Published: July 19, 2019

Neil Armstrong in space suit

John KiesEveryone living in 1969 remembers where they were when Apollo 11 landed on the moon. But how many can say they were in Neil Armstrong’s parents’ garage?

On the 50th anniversary of “one giant leap,” CU Engineering alumnus John Kies (MSTelecom’74) shares his memories.

“I recall the day quite well. Neil Armstrong grew up at 601 W. Benton St., Wapakoneta, Ohio. I grew up at 604 W. Benton St. I did not really know Neil; he was quite a bit older than I. However, I do have vague memories of Armstrong helping my father and a friend put up one of the first television antennas in our little town. Supposedly, part of his motive was an early telecast of a Cincinnati baseball game later in the afternoon. Did this influence my education in any way? Not certain, but I did write my master’s thesis on the use of cable television countywide by the Boulder County public schools.

On occasion, I had to fill in for Armstrong. His father was very active in all the civic associations, and with no son in town, I was often invited to join him on the father/son night events. Nice of him to do so; my father passed away when I was very young. I had an ongoing contract with Viola, Mrs. Armstrong, to pick the cherry trees in their backyard. The deal was a 50/50 split of the harvest. She and my mother were good friends, so keeping up with Armstrong's flying career was pretty natural for small town boy. I knew all the experimental planes right up until Apollo.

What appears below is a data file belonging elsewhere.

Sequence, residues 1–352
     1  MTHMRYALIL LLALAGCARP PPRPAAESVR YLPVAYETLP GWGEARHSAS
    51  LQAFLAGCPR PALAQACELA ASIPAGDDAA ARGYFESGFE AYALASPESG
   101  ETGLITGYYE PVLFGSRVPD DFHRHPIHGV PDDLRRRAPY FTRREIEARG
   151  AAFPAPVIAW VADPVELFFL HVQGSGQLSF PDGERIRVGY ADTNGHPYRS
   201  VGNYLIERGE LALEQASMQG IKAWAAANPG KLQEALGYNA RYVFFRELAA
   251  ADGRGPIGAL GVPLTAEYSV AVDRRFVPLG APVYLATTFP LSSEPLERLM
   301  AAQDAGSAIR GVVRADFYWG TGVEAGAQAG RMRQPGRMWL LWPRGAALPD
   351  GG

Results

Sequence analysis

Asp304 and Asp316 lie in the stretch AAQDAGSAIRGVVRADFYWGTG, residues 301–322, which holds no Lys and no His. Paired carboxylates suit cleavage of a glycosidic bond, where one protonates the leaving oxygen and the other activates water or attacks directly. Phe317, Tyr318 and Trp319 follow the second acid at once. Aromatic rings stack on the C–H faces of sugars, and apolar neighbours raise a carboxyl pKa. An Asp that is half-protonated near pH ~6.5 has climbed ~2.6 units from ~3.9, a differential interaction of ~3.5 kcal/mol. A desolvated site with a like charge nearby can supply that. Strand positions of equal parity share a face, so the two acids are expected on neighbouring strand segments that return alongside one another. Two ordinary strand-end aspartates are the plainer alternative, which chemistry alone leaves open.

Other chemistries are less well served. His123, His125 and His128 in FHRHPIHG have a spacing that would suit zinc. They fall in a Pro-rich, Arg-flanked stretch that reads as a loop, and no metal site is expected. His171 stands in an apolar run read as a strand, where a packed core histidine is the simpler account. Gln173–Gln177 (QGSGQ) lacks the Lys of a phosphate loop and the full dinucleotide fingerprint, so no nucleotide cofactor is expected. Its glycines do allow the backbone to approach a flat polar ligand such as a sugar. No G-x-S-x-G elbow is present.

By the way, the last aircraft Armstrong flew on a regular basis was a sail plane. He said it was the perfect form of flying: as close as man can ever really to being a bird. (In Ohio, the day you turned 16 you could get your drivers license. On his 16th birthday, Neil rode his bicycle out to the local grass strip airport and got his pilot's license.)

The night of the moon landing, I watched it in the Armstrongs’ garage (they had moved across town by then) on the biggest television I had ever seen, surrounded by reporters and cameras from all over the country. Being there, so close to where he grew up and first learned to fly, made it all the more special.”

Read more about CU Boulder's lunar connections